El. knyga: 48,59 €
48,59 €El. knyga
The rapidly developing economies in Asia are undergoing unprecedented growth. This explosive development has placed incomparable demands on the existing infrastructure in many countries. Governments struggle with the challenge of providing modern, efficient, and affordable infrastructure services for their people; finding it difficult to finance what are often multimillion dollar projects on their own. Involving the private sector in the financing and operation of infrastructure promises several benefits for both parties.
With a share of over eleven percent in German foreign trade, exports to Asia are ¿ in terms of volume ¿ now two percent higher than those to the USA. Many German companies have taken on public private partnerships as a form of cooperation and thus play a part in the sustainable development of the Asian economies. To date the most common sub-type of private participation in infrastructure is the BOT (Build-Operate-Transfer) model, where a project company finances and constructs new infrastructure and operates that infrastructure over a long-term period, before it is transferred back to the government. But despite the long history of projects of this type, only a few are very successful and usually mean more costs than income to the companies.
Eurotrain, a joint venture between rail giants Alstom and Siemens, proved in May 1998 it was ready to build Taiwan¿s US$ 14 billion high-speed rail (BOT) project, with a successful test-run of its integrated train system in Germany. The only problem was that after at least a two-year effort, the Taiwan High Speed Rail Corporation (THSRC) suddenly decided to give the core contracts to the Japanese Shinkansen Consortium. THSRC has yet to explain why Eurotrain was not given a chance to match Shinkansen¿s offer. De facto ambassadors from Germany, France and even the CEO¿s of the companies met with THSRC¿s chairwoman Nita Ing, who failed to provide any explanation whatsoever for this change of plan.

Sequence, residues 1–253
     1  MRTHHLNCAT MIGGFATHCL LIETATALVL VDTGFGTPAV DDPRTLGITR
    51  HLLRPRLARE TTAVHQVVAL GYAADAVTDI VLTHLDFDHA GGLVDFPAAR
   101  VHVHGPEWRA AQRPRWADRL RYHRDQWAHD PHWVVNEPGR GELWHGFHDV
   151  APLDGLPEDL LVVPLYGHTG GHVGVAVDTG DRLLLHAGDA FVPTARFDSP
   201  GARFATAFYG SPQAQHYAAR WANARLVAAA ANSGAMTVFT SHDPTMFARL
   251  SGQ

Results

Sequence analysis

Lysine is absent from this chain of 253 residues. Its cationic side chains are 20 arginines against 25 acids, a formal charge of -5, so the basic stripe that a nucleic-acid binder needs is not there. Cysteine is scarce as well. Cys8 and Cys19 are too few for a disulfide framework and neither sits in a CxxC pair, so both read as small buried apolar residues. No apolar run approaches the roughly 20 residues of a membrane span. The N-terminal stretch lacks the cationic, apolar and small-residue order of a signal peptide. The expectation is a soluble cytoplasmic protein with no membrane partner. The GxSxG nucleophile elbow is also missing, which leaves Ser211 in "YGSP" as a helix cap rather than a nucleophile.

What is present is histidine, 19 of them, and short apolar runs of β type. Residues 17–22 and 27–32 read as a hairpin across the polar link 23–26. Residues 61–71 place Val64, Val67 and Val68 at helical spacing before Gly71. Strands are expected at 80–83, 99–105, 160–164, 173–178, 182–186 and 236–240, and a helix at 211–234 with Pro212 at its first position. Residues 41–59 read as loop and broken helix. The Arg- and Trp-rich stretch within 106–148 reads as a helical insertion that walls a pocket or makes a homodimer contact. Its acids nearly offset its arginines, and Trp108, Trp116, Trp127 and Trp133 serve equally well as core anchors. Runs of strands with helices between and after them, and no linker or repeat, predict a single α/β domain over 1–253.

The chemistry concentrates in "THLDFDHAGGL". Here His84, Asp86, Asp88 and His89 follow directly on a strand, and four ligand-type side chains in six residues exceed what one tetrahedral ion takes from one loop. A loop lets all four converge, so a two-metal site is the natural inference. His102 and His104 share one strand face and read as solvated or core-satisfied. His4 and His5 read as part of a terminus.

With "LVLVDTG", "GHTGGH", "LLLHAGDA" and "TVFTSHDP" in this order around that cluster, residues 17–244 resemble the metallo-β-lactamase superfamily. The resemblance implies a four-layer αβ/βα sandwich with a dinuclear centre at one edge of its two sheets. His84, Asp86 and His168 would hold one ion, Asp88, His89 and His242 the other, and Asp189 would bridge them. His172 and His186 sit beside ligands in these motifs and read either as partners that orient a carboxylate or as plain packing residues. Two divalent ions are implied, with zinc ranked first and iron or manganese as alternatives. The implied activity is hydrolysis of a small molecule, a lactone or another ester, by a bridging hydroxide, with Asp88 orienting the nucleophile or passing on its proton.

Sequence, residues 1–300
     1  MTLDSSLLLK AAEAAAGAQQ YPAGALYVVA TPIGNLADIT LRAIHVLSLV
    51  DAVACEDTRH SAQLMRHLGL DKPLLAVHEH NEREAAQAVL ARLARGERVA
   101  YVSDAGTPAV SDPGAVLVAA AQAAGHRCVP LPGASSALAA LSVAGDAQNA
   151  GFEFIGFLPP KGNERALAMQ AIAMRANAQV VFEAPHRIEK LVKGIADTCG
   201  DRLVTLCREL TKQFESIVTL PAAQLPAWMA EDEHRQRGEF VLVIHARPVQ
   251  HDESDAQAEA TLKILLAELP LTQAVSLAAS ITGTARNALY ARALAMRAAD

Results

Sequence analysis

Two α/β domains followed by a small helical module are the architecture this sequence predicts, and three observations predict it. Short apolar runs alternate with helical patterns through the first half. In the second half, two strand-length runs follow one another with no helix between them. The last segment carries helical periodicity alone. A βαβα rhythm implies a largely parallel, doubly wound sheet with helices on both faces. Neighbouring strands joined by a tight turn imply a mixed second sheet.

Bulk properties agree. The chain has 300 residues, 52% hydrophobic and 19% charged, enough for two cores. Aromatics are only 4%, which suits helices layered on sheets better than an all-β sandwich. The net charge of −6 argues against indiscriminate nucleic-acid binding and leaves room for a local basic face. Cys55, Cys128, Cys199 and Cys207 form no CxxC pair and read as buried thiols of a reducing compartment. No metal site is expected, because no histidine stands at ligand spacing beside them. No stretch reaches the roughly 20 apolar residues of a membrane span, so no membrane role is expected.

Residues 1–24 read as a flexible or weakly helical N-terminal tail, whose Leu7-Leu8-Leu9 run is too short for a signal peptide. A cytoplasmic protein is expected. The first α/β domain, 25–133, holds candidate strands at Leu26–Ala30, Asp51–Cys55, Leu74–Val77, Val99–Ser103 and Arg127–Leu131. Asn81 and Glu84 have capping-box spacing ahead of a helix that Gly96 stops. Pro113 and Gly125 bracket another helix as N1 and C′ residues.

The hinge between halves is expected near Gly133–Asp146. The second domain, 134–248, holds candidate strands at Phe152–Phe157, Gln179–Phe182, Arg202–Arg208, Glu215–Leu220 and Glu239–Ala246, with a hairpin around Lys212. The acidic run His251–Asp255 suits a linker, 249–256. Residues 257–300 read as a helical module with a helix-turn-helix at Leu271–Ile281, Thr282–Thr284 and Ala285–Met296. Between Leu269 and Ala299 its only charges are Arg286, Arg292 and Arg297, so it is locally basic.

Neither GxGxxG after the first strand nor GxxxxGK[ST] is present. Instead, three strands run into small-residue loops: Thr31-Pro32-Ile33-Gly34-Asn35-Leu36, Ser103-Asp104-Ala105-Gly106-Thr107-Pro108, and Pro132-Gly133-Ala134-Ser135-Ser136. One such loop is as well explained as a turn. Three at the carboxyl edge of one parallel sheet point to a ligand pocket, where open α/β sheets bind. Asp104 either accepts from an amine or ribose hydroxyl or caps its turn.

BOT projects are extensive in nature, with the companies therefore always finding themselves in international competition and/or having to forge global partnerships to get the project done. They have to be aware of every single potential local and global risk which could threaten the whole project; not only to ensure that the project is won, but also to successfully complete it.
For huge companies, there is often the difficulty that risks are misjudged, meaning that projects are either cancelled completely or, in case of overestimated risks, the bidding price is much higher than the competitors, which ultimately both lead to a loss of image and references.
On the other hand, there are more than enough examples of risks being severely underestimated, with the project turning out to be absolutely unprofitable and companies often have to face long and cost-intensive legal disputes. This turns especially fatal when construction companies like Siemens are also under the sponsors/investors of the project.
Within most companies, there are clearly differences in the perception of the risks. The goal of this thesis is to provide a better understanding of the most important risks during Build¿Operate¿Transfer Projects in Asia.
Atsiuntimas po užsakymo akimirksniu! Skirta skaitymui tik kompiuteryje, planšetėje ar kitame elektroniniame įrenginyje.
48,59 €El. knyga